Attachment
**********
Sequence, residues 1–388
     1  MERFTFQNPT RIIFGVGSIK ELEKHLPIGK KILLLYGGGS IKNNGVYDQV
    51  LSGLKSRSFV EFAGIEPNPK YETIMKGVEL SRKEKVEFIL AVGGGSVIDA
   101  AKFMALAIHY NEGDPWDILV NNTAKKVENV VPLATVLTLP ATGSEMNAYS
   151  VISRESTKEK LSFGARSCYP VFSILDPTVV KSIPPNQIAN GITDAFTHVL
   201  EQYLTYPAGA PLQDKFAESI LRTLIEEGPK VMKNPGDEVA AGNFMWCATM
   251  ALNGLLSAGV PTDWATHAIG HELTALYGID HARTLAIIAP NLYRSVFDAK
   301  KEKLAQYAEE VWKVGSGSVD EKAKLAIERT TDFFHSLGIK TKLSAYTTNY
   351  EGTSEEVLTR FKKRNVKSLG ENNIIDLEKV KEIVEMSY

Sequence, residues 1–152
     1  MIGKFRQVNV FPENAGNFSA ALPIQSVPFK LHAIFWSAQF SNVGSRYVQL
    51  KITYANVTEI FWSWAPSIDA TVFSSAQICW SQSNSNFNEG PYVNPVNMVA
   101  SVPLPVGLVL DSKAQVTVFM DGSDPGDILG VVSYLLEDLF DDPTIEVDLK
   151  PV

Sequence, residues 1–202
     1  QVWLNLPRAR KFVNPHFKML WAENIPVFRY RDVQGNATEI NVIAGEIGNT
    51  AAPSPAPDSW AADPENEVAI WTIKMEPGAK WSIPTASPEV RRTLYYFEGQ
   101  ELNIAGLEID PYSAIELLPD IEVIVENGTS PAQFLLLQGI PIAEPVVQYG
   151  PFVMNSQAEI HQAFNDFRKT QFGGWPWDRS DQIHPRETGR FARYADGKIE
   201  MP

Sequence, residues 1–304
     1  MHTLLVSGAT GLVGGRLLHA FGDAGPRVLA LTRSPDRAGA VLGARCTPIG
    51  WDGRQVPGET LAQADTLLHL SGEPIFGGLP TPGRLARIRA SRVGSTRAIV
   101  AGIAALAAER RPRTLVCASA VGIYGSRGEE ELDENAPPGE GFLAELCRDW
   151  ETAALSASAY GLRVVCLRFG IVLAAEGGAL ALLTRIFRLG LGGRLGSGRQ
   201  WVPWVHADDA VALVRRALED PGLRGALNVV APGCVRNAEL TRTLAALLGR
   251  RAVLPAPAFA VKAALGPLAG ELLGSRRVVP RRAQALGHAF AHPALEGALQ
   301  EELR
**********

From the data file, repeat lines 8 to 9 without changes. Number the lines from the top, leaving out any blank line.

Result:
   301  KEKLAQYAEE VWKVGSGSVD EKAKLAIERT TDFFHSLGIK TKLSAYTTNY
   351  EGTSEEVLTR FKKRNVKSLG ENNIIDLEKV KEIVEMSY